David started to dance Ballroom and Latin in his early teens. He has trained and performed as an amateur for 8 years in Montreal, Canada, where he has completed a college degree in liberal arts from Dawson College and has begun his studies in anthropology as an undergraduate at Concordia University. Moving to England in 2005 as an exchange student, he continued his academic career at Keele University, Staffordshire. Having been offered a job as a dance teacher in London, David decided to continue his career there, teaching at various studios and performing around Europe. In order to complete his undergraduate degree, David moved to Athabasca University as a distance student and has been pursuing his degree online ever since while working as a dancer and dance educator.
David’s study is guided by questions such as: What are the differences in the relationship between national politics and dance in Soviet Union and Canada? How have Soviet migrant dancers adapted to the Canadian socio-economic context? And, how did these cultural shifts affect the teaching and performances of these dancers? His positionality as a former Soviet citizen and a ballroom dancer facilitates his understanding of the intricacies of this community and affords me unique entry into their world. To contextualize this study, David conducts an extensive literature review dealing with Soviet physical education, diasporic identities, and embodied politics. He then carries out qualitative interviews and class observation of these Soviet-Canadian competitive ballroom dancers at their studio in Ottawa.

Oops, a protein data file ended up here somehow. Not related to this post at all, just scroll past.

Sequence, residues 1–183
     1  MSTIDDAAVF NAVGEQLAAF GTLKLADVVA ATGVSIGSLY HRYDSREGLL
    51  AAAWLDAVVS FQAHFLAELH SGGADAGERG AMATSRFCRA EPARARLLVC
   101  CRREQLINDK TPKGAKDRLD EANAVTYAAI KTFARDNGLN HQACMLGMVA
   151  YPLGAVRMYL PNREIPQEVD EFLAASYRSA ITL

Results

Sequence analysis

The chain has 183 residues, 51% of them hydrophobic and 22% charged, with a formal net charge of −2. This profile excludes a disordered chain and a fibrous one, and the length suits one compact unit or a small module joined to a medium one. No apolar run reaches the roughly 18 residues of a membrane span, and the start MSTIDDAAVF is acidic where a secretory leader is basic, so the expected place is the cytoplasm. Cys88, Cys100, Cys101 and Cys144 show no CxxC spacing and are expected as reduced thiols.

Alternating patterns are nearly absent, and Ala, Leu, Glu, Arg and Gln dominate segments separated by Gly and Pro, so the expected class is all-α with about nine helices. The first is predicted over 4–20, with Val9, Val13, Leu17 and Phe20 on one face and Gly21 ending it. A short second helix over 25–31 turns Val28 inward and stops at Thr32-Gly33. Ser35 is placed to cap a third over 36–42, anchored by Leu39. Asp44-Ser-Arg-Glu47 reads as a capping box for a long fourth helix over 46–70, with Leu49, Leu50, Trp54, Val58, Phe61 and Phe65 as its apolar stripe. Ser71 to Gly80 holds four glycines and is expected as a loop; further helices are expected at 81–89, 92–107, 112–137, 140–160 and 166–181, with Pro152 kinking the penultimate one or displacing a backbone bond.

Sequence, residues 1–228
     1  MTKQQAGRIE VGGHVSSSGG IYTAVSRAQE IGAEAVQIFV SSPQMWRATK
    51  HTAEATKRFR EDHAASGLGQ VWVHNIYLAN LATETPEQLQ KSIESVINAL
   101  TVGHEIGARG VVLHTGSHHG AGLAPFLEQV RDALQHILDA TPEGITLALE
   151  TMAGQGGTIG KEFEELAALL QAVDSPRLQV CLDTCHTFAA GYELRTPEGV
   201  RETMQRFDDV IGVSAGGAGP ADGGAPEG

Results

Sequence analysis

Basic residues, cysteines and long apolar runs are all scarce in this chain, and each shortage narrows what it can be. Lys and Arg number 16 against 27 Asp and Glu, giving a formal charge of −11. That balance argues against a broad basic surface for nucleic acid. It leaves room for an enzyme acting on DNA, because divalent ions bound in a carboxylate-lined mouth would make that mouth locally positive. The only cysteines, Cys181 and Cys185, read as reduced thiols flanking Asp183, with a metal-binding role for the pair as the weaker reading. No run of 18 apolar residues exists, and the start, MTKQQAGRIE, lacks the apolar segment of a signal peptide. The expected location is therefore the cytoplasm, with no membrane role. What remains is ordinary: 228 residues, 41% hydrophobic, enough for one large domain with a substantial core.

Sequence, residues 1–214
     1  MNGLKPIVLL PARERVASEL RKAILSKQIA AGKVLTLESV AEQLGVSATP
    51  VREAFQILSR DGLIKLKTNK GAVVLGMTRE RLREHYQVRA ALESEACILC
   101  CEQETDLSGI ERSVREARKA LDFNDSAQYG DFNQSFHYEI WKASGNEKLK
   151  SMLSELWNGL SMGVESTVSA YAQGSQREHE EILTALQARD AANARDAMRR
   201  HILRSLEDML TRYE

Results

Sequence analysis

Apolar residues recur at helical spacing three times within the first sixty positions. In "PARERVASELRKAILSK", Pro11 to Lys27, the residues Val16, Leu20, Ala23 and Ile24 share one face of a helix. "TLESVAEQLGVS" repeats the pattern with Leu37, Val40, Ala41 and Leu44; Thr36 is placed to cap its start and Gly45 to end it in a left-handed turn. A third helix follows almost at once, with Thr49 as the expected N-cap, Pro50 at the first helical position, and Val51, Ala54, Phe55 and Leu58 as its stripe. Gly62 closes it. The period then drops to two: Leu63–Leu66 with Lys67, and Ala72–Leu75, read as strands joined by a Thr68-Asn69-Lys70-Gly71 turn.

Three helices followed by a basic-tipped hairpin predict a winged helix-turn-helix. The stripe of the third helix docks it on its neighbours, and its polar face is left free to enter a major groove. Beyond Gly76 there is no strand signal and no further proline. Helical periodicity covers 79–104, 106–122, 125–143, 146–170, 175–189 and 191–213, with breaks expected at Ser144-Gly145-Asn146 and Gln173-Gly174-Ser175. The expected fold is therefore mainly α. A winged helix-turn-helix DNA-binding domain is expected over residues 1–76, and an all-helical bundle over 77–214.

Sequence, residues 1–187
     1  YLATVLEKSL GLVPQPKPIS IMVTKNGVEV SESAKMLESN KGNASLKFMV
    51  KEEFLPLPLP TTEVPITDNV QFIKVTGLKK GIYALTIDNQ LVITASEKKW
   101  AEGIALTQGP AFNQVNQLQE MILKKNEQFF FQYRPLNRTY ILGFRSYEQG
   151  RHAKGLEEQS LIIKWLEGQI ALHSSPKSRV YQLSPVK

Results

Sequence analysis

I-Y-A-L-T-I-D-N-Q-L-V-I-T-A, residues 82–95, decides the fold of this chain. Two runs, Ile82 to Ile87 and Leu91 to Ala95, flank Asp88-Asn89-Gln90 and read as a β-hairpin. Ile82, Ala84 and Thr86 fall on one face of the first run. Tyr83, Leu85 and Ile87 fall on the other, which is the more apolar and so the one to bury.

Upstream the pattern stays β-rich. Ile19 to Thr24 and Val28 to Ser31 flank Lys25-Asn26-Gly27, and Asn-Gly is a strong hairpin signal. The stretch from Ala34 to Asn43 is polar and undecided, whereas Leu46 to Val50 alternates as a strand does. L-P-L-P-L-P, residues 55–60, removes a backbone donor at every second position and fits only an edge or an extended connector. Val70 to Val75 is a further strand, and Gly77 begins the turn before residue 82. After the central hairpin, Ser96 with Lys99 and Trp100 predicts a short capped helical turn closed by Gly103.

David’s analysis will contribute original information to the fields of dance anthropology and pedagogy, migration studies, and cultural studies. The results of this study could act as a guide in the development of arts management, education, and cultural integration policies in Canada, fostering a creative dialogue between dancers, academics, and policy makers.
(Photo Copyright: David Outevski, 2016).
My name is Lorri Lyster, from Halkirk, Alberta. For ANTH 405: Special Topics in Archaeology, I chose to examine how the Neolithic sites of the Orkney Islands in the north of Scotland provides evidence for Orkney’s role as a very important pilgrimage site used by people from the whole of Britain and Ireland, and probably France as well. I visited Orkney in 2014, as a direct result of having read about these sites in an AU Anthropology course—I wanted to see them for myself. I fell in love with the place and returned for a longer visit in 2017, and this time we visited in July while the Ness of Brodgar excavation was open to the public.
Orkney is a place everyone should see. The massive stone circle known as the Ring of Brodgar, the Standing Stones of Stenness, the incomparable village of Skara Brae, Maeshowe Tomb, Midhowe stalled cairn and the bi-level Taversoe Tuick Tomb on the island of Rousay, Isbister Tomb on South Ronaldsay, and tombs you have to really work to see, at the top of the huge hills—Wideford Hill and Cuween Hill—these are just a small sample.
The Ness of Brodgar site, on the isthmus between Loch Harray and Stenness Loch, lies directly between the Standing Stones of Stenness and the Ring of Brodgar, and is turning British archaeology on its ear. It is such a spectacular place that it is making everyone realize that Orkney’s image as isolated and remote is a modern-day construct, but it certainly would have been a very important place during Neolithic times, a meeting place and oftentimes a place of conspicuous consumption. Orkney is rivalling places like Newgrange, Avebury, and Stonehenge, and every year it gives up more of its secrets.
Photos (all taken by Lorri Lyster):
1- Standing Stones of Stenness
2- Ness of Brodgar, Structure 10, the 'Cathedral'
3- Wideford Hill Tomb
Updated February 18 2020 by Student & Academic Services